But separating the sexes has long ago become the practice at the Kotel. There is now a mechitza there. This is how the holiest site in Israel is treated now. I suppose that it is better that way since during busy times like Birchat Kohanim (blessing of the priests) on Yomim Tovim (holidays) – it can be pretty crowded and having men and women squeeze together at the Kotel is not the best way to pray. But in my view it is not Halachicly necessary to separate the sexes for purposes of prayer at the Kotel.
And yet, in theory I oppose an egalitarian minyan at the Kotel. Not because there is anything wrong with men and women davening in the same place. But because it makes a religious ritual out of it. To put the stamp of religion on the practices which take place in egalitarian minyanim that are against Halacha (e.g. including women in the count for a Minyan) cannot be anything that a Halachic Jew can agree with. To do so at Judaism’s holiest site just adds insult to injury. Also, giving heterodoxy any kind of imprimatur by the government lends legitimacy to them which I certainly do not support.
That said I am also a seeker of peace. Opening up Robison’s Arch for egalitarian purposes will help solve the growing conflict between Orthodox Jews and Heterodox Jews. I would therefore not physically protest Israel’s secular government for establishing it. Egalitarian minyanim at Robinson’s Arch would not disrupt the people who choose to worship in traditional non egalitarian ways at the main Kotel plaza. Each group would have their own separate but equal access to Judaism’s holiest site.
What about standing up for my beliefs? I empathize somewhat with Rabbi Avi Shafran’s take. And like him I still oppose what they do and will continue to say so (as I just have). At the same time public protests at the site would only generate more enmity and I oppose that (not that R’ Avi has suggested that it should be publicly protested). That is not good for anyone. I will instead leave it for moshiach’s times to sort it all out. Until then I think it is to the benefit of all to try and have peace among ourselves and not fight unwinnable internal wars.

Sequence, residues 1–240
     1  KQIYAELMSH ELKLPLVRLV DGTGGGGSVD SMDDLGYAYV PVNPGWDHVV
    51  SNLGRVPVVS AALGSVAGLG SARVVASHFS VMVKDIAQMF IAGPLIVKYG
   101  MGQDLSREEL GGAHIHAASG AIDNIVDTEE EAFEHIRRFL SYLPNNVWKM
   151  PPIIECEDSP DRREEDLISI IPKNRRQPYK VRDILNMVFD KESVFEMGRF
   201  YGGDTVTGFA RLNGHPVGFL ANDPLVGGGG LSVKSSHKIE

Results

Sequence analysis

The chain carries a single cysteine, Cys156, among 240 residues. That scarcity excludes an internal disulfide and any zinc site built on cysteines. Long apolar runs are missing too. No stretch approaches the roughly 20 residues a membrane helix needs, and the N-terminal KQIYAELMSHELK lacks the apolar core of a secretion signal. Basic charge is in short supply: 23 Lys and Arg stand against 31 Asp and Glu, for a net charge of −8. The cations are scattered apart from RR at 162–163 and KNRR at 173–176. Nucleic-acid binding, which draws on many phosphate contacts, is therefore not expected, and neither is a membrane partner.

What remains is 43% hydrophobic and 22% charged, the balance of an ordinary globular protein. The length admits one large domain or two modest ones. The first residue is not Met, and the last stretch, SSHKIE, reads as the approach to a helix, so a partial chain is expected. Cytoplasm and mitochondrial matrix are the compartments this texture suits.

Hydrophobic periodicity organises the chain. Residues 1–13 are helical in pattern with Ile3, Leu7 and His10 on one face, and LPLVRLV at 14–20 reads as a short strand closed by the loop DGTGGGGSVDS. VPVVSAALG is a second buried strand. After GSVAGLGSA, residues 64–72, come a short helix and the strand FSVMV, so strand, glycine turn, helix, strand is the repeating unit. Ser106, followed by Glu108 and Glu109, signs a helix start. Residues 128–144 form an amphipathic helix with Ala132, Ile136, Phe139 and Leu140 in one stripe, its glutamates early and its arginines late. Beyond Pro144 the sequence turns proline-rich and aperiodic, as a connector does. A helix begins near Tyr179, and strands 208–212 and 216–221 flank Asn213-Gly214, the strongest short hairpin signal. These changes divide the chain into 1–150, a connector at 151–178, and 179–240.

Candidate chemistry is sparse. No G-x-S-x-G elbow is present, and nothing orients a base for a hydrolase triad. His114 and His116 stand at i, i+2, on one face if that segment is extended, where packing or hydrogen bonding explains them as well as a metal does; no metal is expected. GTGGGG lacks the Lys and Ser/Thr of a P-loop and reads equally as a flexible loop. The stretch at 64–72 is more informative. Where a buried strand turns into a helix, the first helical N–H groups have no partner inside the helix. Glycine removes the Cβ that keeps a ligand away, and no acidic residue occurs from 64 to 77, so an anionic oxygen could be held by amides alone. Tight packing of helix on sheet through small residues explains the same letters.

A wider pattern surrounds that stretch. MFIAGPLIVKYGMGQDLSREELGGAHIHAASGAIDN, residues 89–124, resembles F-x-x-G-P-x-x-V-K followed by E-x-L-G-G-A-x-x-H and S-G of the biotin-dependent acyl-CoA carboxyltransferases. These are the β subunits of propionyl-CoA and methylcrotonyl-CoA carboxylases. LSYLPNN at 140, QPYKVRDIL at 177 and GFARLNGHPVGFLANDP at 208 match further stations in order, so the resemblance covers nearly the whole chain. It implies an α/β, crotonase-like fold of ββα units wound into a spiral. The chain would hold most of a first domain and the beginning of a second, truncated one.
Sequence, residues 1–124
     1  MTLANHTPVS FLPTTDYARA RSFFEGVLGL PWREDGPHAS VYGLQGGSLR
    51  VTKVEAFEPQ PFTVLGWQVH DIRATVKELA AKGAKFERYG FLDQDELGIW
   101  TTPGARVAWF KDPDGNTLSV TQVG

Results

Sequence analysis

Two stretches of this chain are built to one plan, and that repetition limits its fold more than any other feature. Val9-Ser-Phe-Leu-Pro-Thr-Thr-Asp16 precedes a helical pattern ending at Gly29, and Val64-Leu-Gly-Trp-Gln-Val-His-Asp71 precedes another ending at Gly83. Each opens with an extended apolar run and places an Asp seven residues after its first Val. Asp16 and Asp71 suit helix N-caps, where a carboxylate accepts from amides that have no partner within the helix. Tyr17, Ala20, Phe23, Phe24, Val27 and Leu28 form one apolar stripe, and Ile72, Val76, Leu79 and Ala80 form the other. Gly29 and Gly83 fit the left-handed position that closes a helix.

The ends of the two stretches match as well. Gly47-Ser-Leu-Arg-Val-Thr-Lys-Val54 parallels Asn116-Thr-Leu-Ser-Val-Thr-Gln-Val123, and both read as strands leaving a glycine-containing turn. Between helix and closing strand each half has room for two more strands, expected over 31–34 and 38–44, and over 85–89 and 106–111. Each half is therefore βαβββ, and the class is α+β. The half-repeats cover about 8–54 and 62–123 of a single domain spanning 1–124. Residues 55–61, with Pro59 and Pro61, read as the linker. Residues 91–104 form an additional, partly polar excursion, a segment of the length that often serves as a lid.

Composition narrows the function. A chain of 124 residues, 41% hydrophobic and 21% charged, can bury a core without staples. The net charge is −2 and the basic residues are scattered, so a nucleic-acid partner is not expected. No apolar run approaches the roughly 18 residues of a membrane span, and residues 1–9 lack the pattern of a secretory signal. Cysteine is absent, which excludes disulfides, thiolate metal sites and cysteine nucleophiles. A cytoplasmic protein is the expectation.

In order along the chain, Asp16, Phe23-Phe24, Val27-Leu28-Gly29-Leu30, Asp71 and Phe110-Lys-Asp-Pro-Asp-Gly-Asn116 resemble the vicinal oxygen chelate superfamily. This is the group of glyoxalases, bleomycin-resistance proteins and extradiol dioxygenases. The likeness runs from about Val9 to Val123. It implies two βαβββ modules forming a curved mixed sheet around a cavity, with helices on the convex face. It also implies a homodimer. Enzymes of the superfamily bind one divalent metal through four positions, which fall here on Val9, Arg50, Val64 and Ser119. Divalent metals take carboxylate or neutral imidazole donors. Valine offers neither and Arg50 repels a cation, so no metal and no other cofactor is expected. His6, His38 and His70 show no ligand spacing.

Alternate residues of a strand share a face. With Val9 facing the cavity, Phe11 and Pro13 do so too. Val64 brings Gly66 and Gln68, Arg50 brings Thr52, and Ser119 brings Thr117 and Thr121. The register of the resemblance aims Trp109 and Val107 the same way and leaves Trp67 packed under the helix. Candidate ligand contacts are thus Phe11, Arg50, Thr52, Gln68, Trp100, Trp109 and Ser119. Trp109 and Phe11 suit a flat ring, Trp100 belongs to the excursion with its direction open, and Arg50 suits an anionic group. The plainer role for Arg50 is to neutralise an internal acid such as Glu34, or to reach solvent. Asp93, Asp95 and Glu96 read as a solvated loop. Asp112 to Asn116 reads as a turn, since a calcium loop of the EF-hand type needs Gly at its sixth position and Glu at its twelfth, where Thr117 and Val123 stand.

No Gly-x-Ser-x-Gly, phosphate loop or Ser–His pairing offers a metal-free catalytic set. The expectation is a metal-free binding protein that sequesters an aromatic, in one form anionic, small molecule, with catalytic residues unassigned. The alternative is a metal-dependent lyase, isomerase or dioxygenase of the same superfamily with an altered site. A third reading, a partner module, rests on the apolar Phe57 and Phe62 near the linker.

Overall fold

WoW would hopefully also take advantage of this new site for their own purposes… and Shalom Al Yisrael… we can have peace in our time (at least among ourselves – at least on this issue). Unfortunately there are other problems unrelated to interdenominational differences that may scuttle the deal anyway. Like opposition from the Waqf — the Muslim body that controls the Temple Mount. We’ll just have to wait and see what happens.
Visit Emes Ve-Emunah.Harry Maryles
About the Author: Harry Maryles runs the blog "Emes Ve-Emunah" which focuses on current events and issues that effect the Jewish world in general and Orthodoxy in particular. It discuses Hashkafa and news events of the day - from a Centrist perspctive and a philosphy of Torah U'Mada. He can be reached at firstname.lastname@example.org.The author's opinion does not necessarily reflect the opinion of The Jewish Press.
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